Drug Rehab Not A Big Enough Part Of The War On Drugs

Thirty-five-thousand NATO troops and the international “war on drugs” have done nothing to reduce Afghanistan’s massively successful opium industry. In fact it’s achieved just the opposite heroin is flooding our streets and in some countries it’s cheaper than ever. The U.N. Office on Drugs and Crime (UNODC) reports that Afghan opium production in 2006 was a whopping 57 percent above 2005, and it’s expected to rise another 15 percent this year.

Afghanistan now accounts for 93 percent of the world’s poppy crop – the source of heroin, morphine and other addictive opiates. If a decent portion of the hundreds of billions of dollars spent on the last 30 years’ war on drugs had been used instead to radically expand anti-drug education and successful drug rehab programs, the world would be a far better place.

It has been 36 years since President Richard M. Nixon launched the war on drugs, and the overall result is apparently more criminals making more money than ever – some estimates placing the illicit drug trade at $400 billion to $500 billion annually. But critics of the methods employed in the war on drugs contend that interrupting drug shipments at home or abroad, called “drug interdiction” by the cops, actually expands the drug trade by reducing the supply, thereby raising prices and profits and attracting more traffickers than ever. And more addicts are created too, adding to that most tragic segment of society who, without drug rehab treatment, have no place to go but down.

In Drug War Politics, the authors explain why drug interdiction does not disrupt the drug industry, but instead results in “a guaranteed market, with profits kept artificially high by the U.S. government.” The drug market succeeds because it has the ability to self-reproduce: every time a government attempts to eliminate Vendetta.to drug production or smuggling, the traffickers “tap alternative sources of supply.” So even when the US government is successful against one drug cartel, a different group of traffickers open new smuggling routes and gain even more market share. This analysis from over 10 years ago is still true today after a decade of a war on drugs that has left drug education and drug rehab on the short side of support.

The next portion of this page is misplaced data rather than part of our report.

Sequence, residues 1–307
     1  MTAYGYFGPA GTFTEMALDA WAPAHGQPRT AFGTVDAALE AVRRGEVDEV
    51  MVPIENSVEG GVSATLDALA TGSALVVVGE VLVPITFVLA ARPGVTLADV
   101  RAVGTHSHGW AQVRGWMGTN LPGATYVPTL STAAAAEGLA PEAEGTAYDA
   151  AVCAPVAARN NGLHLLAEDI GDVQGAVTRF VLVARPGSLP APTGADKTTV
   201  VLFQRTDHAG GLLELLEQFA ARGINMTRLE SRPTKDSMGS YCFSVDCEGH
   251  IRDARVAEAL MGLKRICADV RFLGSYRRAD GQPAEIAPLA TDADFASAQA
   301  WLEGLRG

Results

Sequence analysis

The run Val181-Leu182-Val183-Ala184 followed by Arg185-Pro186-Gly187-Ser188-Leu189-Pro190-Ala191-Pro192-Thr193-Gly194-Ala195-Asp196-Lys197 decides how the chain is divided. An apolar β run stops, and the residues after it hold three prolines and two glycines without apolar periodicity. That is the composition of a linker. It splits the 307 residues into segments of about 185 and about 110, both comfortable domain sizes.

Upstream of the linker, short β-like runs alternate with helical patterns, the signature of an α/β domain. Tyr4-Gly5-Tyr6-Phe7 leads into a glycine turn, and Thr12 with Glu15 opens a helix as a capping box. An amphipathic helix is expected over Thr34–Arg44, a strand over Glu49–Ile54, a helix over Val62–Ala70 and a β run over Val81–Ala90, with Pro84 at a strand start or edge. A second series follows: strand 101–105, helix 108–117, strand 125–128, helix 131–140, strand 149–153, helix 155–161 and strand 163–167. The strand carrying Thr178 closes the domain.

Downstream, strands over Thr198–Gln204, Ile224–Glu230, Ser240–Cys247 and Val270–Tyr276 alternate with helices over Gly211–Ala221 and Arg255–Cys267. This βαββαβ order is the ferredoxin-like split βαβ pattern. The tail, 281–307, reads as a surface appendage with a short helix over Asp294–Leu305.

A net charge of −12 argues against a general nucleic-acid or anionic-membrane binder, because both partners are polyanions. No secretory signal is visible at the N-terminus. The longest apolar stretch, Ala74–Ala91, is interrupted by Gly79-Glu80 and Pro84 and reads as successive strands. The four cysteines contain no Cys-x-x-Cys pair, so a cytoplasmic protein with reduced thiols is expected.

But let’s remember that it’s a market, and all markets are based on supply and demand. Spending more of the huge budget for the war on drugs on education and drug rehab would certainly reduce the demand for drugs – and that’s the real source of the drug problem. Someone realized this when the National Drug Control Strategy was issued by the White House several years ago. The Strategy’s three major components are: Stopping Drug Use Before It Starts, Healing America’s Drug Users, and Disrupting Drug Markets. These headings are obviously aimed at education and treatment as well as interdiction. We hear about interdiction endlessly in the news, in television dramas and in movies. So why don’t we ever hear about the other two? Federal funds allocated for drug abuse education and drug rehab cannot compare to what’s spent on law enforcement. Yet some experts say the methods used by law enforcement apparently make things worse.

By really beefing up education programs about the consequences of drug use, Stopping Drug Use Before It Starts would have more effect. And by implementing more drug testing in the workplace and providing plenty of treatment centers with plenty of options for drug users, Healing America’s Drug Users would actually make the difference we need. America’s drug abusers and addicts are in the worst predicament possible. They will only be helped through a vastly expanded, improved and available-to-all network of centers that offers a successful drug rehab program.

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